In traditional Jewish ritual, preparing for a sacred activity or cleansing oneself of “impurity” – calls for immersion in a ritual bath called a mikvah – the conceptual precursor for Christian baptism.
Jewish law pertaining to mikvot (plural for mikvah) is pretty specific: water has to flow from a natural source and, in turn, be able to flow back into the natural world. The ocean is considered a perfect choice for a mikvah, but so is a rain-catching cistern – so long as it can also be drained. The overall idea is that purification is obtained by briefly immersing oneself in any portion of the life-sustaining, worldwide water system, momentarily unmooring oneself from any notion of ego, or agency.
In Nina Könnemann’s show, Que Onda (Spanish for “What’s up?”) at House of Gaga // Reena Spaulings Fine Art Los Angeles, the Berlin-based artist addresses mikvah-like concerns by providing two water-based examples of the surrender of intention and purpose to a broader, streaming world.
The focal point of the show is a video, also entitled Que Onda, documenting the comings and goings at a somewhat dilapidated restroom/shower facility on Venice Beach.
The level of surrender is manifold.
In the video, random visitors to the beach use the facility for multiple purposes. Some simply employ the facility for its intended, practical beachside function, while homeless visitors take full advantage of the showers to bathe with shampoo and soap. Teenagers appear to use the facility to conceal illicit behavior. Eschewing public propriety, a child stands on a step and ecstatically runs the shower directly into the front his bathing suit. The building was built with a purpose and, perhaps, some expectation of public etiquette – but the sea of humanity flowing through facility constantly redefines the nature and tenor of its function.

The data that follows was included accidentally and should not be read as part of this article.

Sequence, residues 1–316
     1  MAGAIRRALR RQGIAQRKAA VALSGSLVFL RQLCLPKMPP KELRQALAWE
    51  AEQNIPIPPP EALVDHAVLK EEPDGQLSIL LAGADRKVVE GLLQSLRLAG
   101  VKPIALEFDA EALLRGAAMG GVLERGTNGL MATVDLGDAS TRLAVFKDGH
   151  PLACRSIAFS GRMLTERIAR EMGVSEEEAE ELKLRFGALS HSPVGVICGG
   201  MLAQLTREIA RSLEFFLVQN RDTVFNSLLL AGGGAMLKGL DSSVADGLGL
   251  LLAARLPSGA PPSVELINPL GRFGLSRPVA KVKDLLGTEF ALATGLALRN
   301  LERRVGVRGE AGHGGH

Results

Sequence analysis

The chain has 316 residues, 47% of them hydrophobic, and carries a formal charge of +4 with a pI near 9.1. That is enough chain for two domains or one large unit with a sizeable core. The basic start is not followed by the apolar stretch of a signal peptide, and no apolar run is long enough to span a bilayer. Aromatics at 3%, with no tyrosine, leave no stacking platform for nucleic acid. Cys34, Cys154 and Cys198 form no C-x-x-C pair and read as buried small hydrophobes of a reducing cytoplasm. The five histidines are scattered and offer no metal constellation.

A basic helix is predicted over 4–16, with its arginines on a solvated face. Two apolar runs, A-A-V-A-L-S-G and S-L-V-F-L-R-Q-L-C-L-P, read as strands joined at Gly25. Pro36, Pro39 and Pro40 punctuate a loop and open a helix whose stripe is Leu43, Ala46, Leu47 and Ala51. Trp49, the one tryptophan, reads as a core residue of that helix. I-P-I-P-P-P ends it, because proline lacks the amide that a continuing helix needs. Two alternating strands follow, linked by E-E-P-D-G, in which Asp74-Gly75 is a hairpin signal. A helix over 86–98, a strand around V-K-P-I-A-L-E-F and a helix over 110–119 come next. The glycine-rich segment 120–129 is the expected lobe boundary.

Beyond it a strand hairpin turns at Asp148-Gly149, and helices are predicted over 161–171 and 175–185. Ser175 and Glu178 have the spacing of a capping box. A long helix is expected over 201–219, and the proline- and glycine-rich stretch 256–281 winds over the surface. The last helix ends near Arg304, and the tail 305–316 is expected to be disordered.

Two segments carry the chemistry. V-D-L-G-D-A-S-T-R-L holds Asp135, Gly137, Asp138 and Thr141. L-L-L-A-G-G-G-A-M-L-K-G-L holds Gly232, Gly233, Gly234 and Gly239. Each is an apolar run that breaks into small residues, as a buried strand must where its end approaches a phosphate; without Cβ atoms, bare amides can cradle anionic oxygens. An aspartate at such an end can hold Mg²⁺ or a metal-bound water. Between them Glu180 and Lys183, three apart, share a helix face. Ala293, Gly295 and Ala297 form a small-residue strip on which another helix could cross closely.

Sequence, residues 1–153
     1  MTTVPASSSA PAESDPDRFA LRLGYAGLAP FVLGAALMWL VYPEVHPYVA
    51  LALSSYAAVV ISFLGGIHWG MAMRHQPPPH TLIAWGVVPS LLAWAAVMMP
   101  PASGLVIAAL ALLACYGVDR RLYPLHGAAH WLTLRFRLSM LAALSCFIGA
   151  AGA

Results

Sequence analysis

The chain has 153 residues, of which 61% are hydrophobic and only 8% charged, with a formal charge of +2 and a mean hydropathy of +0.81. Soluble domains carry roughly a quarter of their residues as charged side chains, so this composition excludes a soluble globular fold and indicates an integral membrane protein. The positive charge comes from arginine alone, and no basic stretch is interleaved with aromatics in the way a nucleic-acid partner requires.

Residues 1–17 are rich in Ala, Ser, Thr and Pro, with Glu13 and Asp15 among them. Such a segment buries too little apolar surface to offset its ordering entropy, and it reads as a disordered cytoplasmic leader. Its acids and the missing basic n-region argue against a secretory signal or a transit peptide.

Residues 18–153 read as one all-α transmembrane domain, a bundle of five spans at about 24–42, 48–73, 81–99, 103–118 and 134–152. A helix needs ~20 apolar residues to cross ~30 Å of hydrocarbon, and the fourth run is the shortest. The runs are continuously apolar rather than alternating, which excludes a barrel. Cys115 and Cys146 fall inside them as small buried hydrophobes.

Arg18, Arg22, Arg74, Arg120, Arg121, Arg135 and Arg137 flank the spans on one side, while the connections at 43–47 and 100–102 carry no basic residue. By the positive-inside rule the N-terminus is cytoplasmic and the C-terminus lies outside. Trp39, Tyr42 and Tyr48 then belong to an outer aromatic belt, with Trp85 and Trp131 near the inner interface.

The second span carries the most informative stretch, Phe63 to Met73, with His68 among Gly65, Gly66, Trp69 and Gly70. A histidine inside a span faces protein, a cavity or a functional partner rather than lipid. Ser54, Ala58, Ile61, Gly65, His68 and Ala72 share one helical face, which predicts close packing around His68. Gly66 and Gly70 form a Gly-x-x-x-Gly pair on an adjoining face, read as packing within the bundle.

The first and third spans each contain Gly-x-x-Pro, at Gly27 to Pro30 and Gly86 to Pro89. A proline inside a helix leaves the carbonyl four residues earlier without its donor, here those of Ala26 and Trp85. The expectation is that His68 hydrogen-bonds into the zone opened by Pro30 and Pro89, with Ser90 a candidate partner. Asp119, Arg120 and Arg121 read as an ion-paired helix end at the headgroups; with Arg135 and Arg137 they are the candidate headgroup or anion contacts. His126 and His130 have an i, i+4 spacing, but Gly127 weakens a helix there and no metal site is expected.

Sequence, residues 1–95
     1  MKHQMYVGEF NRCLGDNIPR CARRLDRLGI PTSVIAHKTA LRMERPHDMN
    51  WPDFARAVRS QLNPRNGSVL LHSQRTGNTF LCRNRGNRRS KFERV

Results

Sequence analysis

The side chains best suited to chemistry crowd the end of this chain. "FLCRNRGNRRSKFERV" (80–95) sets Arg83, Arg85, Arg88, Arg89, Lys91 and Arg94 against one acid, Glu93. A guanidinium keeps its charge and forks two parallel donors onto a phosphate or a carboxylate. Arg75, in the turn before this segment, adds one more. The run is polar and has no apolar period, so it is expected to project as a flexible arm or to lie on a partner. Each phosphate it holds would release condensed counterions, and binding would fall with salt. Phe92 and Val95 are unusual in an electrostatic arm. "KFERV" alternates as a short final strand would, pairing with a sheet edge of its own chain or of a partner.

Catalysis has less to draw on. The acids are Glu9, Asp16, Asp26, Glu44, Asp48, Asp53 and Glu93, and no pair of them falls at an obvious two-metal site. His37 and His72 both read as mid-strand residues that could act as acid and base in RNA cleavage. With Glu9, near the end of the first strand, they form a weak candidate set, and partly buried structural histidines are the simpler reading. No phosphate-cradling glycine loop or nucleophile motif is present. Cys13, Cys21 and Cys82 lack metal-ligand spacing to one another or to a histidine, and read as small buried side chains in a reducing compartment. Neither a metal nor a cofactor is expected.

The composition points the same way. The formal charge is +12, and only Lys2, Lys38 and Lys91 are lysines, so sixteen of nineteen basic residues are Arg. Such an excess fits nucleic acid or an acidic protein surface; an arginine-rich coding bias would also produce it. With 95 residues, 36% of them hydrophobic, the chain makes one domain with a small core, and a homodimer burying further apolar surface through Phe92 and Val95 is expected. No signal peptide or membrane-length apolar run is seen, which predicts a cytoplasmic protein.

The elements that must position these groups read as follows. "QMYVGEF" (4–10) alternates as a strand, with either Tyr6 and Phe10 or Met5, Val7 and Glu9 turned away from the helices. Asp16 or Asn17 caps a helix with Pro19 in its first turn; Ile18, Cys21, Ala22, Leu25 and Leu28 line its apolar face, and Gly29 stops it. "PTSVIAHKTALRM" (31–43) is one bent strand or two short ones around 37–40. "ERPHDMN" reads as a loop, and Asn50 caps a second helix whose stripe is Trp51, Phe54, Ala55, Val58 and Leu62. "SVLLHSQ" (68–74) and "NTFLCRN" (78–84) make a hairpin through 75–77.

The video itself is comprised of two overlapping, digitally merged sources of footage. One portion is candid video of the shower/restroom complex and its patrons, shot and edited by the artist in advance of the exhibition. The other element was taped and streamed live, via the Los Angeles Department of Parks and Recreation’s spotty WiFi system, once the exhibition was already underway.
The quality of that video, regularly interrupted by dropout and reloading, as well as the improvisatory merging of unanticipated imagery suggests yet another layer of surrender, this time to the whimsy of municipally supplied digital service, the ebb and flow of the internet, and chance interaction with her pre-existing footage.
The restroom was certainly built with particular expectations and the video is also comprised of a rough framework, but the beachgoers and electronic infrastructure have ideas of their own.
The other element of the exhibition is an artist-created a fiction, a repurposing of shards from a smashed ceramic toilet into Neolithic-grade hand tools as well as the sort of chips of material that serve as anthropological signs of a primitive human presence – all displayed on a clinical looking, grey, metal shelf. The objects feel like post-apocalyptic artifacts created by a people who have long forgotten the original purpose of fixtures meant to harness the flow of water for hygiene and sanitation, suggesting a surrender to nature so extreme as to mark a cultural rupture and rebirth.
Like the symbolism of the mikvah, both elements in Könnemann’s show suggest water and water use as a focal point of release. But while a dip in the mikvah is only supposed to be momentary – a brief exercise in self-re-creation – the artist portrays humans beings as existing in an endless condition of flow and reinvention, and perhaps a downward spiraling state of redefinition.
House of Gaga // Reena Spaulings Fine Art Los Angeles is at 2228 W. 7th Street, 2nd Floor, Los Angeles, CA, 90057 (entrance on S. Grand View St.,) 213.908.5033, Hours: Wed-Sat, 12-6 p.m., and by appointment.
Nina Könnemann’s show, Que Onda, closes on March 10, 2018.